As we are getting ready for the family reunion which will be held at our house in early July, we've been having discussions about the menu. My brother's most recent suggestion is to have a vintage menu from 1887, which is when our great-great-great-grandparents purchased the farm where Nancy and I live. This prompted me to do some research last night because I have the hand written cookbook that my great-grandmother (the first of the family to live on this farm) started before she was married.
The book includes a few clippings from an unidentified newspaper which were written by Faith Felgar. You can learn more about her here. I'm including it on this blog because it does mention the use of a woodburning range and because sometimes I take for granted how easy baking bread has become in this day of reliable yeast and consistently milled flour. For that matter, in today's world where so many households never have any from-scratch cooking occurring in them, this article is a good reminder of what our ancestors went through in order to just have a slice of bread. There is no date on the clipping, but it was pasted between pages with recipes dated January 1914 and February 1914, so it is a safe bet that this column is just over 100 years old.
"Dear Faith Felgar,
Why is it my bread gets so dark and holy [sic] when baked? I knead it for half an hour the first time, then work it down, but it inclines to flatten and be sticky to the hands. I would give so much to always be sure of the outcome with the bread. We buy the highest-priced flour and we all like good bread, but mine is never very nice, so I'm quite discouraged. I will be grateful for any help you are able to give.
As nights grow cooler the making of a really good loaf requires a bit more care, and though it is not difficult, it must not be neglected, for on such little things as temperature and heating depends our success or failure.
Follow this to the letter just once and report:
Any young housewife that has bother with bread will be pleased with the result and if it helps you, help me be saying so:
Into a teacup put one cake of dry yeast (this is for large batch), a half cake for four or six small loaves, and allow enough warm water to cover. New milk is a good guide for temperature where there is no thermometer. When soft and tiny sparkling bubbles appear in the liquid it shows that the germs are active. Now beat in enough flour to make a stiff batter; cover cup with inverted saucer and keep in warm place. In the warming closet of a range is usually suitable, but if firing heavily it may be too hot. When light, beat it down and let it rise again. I have never had bad results if this had to be attended to several times before 8 p.m., but this time of year there is little bother with rapid growth. Three medium white potatoes boiled in their jackets, peeled and mashed while hot. Do not use the water they were boiled in. Ordinarily I use just some mashed potatoes and the liquid drained from them, as it is less bother, but when I want to find if it is the yeast, the miller or I, I use the potatoes cooked without paring.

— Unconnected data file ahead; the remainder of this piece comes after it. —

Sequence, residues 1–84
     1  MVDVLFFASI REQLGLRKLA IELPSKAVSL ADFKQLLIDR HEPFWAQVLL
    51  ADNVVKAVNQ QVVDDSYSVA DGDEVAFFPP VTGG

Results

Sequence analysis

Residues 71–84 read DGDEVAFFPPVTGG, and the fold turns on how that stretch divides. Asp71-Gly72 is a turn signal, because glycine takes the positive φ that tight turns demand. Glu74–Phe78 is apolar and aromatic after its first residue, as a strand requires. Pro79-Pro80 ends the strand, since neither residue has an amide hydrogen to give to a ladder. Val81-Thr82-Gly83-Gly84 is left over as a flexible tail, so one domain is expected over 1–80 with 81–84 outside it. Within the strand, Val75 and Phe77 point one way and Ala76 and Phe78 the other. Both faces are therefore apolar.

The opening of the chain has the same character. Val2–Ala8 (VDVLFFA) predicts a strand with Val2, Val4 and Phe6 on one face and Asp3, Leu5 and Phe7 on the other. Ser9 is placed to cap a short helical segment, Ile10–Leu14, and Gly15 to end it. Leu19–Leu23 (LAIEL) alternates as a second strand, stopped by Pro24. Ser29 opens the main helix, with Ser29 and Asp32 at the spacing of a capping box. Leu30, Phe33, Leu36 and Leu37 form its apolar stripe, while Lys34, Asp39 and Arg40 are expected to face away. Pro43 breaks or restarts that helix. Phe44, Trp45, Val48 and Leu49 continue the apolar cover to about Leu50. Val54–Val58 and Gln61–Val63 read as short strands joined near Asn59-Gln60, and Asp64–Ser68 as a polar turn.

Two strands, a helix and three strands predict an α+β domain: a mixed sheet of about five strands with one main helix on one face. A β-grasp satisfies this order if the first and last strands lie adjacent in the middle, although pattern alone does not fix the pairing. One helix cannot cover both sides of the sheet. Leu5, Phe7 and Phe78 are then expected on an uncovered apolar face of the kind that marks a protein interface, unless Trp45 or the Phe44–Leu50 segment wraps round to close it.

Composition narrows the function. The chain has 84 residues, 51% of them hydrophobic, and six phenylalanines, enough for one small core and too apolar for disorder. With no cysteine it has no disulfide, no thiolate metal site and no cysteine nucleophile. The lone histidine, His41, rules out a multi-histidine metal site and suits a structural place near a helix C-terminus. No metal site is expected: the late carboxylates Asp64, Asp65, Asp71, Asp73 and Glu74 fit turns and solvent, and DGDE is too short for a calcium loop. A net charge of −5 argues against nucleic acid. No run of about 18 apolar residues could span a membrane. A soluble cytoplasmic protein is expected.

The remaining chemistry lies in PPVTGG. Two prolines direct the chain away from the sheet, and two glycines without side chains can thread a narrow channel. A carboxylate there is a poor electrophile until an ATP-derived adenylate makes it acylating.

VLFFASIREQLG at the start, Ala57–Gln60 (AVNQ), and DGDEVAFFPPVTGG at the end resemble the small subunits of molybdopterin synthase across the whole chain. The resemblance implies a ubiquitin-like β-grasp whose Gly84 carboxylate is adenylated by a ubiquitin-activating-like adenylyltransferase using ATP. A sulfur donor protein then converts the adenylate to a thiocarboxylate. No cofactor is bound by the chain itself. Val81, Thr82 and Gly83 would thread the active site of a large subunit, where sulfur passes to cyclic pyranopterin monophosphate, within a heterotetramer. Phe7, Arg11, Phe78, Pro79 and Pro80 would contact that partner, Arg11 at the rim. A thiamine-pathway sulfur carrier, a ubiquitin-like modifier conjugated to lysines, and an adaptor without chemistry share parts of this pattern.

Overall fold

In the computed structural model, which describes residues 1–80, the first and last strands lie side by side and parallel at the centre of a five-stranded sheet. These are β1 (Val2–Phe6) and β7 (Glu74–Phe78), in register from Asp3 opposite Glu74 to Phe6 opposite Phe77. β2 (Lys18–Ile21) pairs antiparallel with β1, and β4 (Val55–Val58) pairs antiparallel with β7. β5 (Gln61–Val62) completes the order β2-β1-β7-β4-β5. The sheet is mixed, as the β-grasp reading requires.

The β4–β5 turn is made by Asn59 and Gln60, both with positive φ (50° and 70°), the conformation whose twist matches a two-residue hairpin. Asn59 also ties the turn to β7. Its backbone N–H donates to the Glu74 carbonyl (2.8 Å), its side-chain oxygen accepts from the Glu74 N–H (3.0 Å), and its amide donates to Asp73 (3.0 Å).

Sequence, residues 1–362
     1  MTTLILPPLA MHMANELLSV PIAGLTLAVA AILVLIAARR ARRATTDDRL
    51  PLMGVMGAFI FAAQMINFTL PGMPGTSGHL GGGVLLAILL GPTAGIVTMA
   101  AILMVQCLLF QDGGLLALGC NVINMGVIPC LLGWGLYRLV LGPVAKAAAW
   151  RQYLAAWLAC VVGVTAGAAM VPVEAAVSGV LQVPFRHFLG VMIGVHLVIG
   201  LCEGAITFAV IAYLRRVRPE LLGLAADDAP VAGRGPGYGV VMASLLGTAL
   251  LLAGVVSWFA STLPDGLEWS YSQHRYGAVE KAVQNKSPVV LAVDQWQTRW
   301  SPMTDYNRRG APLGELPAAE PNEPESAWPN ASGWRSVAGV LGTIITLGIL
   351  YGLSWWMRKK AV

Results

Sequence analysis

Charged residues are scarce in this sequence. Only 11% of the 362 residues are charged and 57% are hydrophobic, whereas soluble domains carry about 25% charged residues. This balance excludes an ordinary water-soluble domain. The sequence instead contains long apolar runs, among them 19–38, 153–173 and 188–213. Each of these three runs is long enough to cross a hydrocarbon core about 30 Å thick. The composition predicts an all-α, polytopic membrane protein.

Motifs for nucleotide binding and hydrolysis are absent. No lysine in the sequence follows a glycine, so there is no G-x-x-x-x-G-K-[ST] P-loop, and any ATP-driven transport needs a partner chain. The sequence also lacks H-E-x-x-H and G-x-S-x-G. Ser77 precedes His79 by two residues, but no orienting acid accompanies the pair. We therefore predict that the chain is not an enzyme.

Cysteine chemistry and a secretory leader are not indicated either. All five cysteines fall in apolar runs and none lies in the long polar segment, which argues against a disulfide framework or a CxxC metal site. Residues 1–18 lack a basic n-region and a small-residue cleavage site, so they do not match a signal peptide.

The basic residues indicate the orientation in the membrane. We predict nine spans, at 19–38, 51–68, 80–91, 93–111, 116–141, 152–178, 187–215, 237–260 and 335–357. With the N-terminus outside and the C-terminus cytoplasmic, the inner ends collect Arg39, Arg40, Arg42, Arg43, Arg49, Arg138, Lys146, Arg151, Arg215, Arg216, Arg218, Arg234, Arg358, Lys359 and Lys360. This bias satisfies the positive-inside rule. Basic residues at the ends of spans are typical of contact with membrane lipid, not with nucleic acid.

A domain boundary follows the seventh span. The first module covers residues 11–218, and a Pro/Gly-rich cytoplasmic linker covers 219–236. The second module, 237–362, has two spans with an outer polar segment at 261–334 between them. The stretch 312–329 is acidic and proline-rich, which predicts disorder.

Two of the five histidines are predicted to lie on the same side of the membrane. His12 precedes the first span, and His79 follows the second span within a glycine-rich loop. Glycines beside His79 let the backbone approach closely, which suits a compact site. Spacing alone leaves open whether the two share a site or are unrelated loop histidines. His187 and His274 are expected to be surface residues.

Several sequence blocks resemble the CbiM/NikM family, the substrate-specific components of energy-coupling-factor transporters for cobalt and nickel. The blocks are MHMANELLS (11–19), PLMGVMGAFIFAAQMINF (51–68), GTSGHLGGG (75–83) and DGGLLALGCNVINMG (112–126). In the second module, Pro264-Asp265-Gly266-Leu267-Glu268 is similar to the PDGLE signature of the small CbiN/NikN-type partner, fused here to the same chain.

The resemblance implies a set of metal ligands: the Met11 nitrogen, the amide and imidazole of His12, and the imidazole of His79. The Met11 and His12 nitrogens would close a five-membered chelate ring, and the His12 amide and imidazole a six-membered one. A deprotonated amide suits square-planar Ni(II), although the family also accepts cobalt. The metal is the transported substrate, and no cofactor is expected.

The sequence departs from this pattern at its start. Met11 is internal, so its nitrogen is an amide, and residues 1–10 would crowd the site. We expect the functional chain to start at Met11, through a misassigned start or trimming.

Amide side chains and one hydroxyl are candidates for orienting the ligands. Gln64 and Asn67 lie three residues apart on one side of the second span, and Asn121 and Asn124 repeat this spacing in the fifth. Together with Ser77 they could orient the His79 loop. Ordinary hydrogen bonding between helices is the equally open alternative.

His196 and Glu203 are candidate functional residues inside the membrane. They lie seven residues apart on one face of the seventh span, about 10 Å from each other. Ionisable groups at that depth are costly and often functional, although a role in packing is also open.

To these three potatoes add half a gallon of water for small batch. Remember to have it the right heat and warm the flour by stirring it over the fire. Be gentle with the heat and stir well or it will become full of hard lumps. Add the cup of sponge, then beat in the flour. Do not beat a certain number of minutes, but count the strokes--150 is none too many--and the spoon must be brought from the bottom upward in and over and over motion. Never stir round and round. Put on the lid (no slang intended) and wrap the vessel, which should be not over one-third full, in a clean cloth, and over this throw any heavy rug--ironing blanket or what not--to keep the temperature uniform.
In the morning warm another pan of flour and work this in until the bread becomes elastic and will not stick to the board.
Add the salt and sugar if you wish and a bit of lard when you stiffen the sponge. The first is all I use for light, delicious bread.
Dip a cloth in melted lard and run over the mass; return to vessel to become light. Never neglect it till it has spent its energy or it will not be so good. When it doubles, work down. Next time make into loaves, covering each lightly with melted fat. Keep from draft.
Loaves made so will rise straight up, be white and flaky--no coarse holes--and sweet to the taste. In the oven it will continue to rise, not run, and should brown slightly in fifteen minutes.
Leave in oven until the loaves shrink a little. It is then done entirely to the center."
I might try this method sometime, but for now, I'll stick to my usual.